How to (Dis)assemble a Take-Down Bow?

How to (Dis)assemble a Take-Down Bow?

In some situations, disassembling your bow is the most practical solution, especially during maintenance, transport or at the end of the season. This will avoid unnecessary wear and tear of the bow parts. If you are inexperienced in archery, there is still no need to worry - you will not damage the bow if you follow the instructions and a few best practices. In this article, you will learn more about how to disassemble a take-down bow and how to put it back together.

Disassembled Bows Are Easier to Store and Carry

Disassembling your bow may prevent unnecessary damage and save costs for subsequent repairs. There are several situations in which you might want to take your bow apart:

  • You need to replace one of the bow parts. When the bow is disassembled, it makes handling and replacing any damaged components much easier.
  • You need to transport the bow. Especially if you or your bow travel long distances, the likelihood of damage during transport increases significantly. Putting your bow together with other luggage might be dangerous, but with a disassembled bow, the risk of damage is considerably reduced.
  • You do not plan on using the bow for a longer period of time. When the season is over, for example, the chances you will not use the bow for months are very high. Even if you choose not to disassemble the bow completely, it is wise to remove the bowstring at least. By doing that, you will prevent unnecessary strain on the bow limbs and extend their life.
  • You're traveling abroad. Some countries, such as the Netherlands, have very strict legislation that makes the possession or movement of bows in public spaces practically impossible. But even in other places, carrying an assembled bow around carelessly makes you suspicious and may attract the attention of the police. With a disassembled bow, you will avoid this type of unwanted attention.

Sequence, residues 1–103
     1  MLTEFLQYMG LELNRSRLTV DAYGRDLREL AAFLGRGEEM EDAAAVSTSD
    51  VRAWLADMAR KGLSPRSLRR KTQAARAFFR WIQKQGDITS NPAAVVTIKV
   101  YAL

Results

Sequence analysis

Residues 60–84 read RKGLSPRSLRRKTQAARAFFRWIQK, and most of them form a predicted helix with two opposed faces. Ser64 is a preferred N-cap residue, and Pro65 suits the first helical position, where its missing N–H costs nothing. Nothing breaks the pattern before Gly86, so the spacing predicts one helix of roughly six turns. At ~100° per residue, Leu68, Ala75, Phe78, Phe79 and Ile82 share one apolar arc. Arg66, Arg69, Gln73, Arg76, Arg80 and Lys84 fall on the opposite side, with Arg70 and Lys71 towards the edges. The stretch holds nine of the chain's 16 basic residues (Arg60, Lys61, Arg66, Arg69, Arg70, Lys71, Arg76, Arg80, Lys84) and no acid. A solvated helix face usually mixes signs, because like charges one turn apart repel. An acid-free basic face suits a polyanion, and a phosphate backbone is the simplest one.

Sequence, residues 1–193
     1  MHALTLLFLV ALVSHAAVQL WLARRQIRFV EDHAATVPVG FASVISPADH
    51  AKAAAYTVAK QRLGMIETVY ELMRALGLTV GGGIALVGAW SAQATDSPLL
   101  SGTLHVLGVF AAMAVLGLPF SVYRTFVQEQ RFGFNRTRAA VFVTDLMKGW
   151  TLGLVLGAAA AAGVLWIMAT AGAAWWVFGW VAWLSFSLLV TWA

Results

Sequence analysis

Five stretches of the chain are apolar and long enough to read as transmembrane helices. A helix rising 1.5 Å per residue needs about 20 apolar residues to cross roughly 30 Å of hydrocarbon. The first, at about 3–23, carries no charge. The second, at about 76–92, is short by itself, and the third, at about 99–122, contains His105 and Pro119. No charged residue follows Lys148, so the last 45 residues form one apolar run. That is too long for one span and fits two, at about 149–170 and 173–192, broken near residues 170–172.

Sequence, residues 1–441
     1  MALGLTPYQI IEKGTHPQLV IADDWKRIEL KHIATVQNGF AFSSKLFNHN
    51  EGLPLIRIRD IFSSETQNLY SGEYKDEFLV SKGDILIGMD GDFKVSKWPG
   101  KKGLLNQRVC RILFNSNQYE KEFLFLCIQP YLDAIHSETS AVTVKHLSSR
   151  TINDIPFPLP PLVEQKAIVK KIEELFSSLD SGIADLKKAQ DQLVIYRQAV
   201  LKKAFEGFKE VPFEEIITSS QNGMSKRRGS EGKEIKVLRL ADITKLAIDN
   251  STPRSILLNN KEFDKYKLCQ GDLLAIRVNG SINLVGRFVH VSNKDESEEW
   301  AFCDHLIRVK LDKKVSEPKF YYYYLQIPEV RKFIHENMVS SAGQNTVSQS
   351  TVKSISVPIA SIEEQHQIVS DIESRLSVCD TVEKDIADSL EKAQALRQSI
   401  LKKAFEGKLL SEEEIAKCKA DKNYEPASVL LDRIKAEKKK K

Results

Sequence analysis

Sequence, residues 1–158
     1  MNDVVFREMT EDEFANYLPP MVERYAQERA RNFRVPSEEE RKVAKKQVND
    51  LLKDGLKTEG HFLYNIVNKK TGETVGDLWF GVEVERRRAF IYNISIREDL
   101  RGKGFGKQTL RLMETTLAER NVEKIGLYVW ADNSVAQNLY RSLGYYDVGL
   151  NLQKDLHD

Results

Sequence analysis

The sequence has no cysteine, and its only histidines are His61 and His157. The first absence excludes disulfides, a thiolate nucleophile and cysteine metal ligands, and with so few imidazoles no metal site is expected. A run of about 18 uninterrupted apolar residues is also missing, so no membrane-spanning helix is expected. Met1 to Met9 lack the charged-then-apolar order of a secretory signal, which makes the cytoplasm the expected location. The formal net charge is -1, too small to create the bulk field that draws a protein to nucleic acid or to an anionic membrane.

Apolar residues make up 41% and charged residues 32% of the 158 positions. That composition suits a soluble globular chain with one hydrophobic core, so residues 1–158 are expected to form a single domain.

• You want to explore the components of your bow. Some archers disassemble their bow after competitions simply as a part of their routine. By doing that, they can check the bow and its components, making sure there is no unexpected damage or issue with its parts.

TIP: Get a  bow case to protect your bow and arrows from exposure to humidity or to protect it during transport.

If you are (dis)assembling a take-down bow for the first time, follow the instructions below. The process is not difficult and disassembling a standard bow usually takes up to 5-10 minutes.

Any Special Tools Needed?

When disassembling a takedown bow, you usually don’t need any special tools. You only need a bow stringer - a device that makes stringing and unstringing your takedown bow or recurve bow much easier.

bow stringer helps to bend the limbs evenly during stringing and unstringing. This prevents damage to the bowstring, which can occur when one of the limbs is bent too much. The bow stringer also protects the archer and prevents unwanted injuries.

Step-by-Step Instructions for (Dis)assembling Your Bow

First of all, let's have a quick look at the bow components below.


  1. Bow limb (lower)
  2. Grip
  3. Arrow rest
  4. Riser
  5. Bow limb (upper)
  6. Serving (wrapping material in the centre)
  7. Nock locator
  8. Bowstring
  9. Limb tip protectors

When disassembling the bow, follow these steps: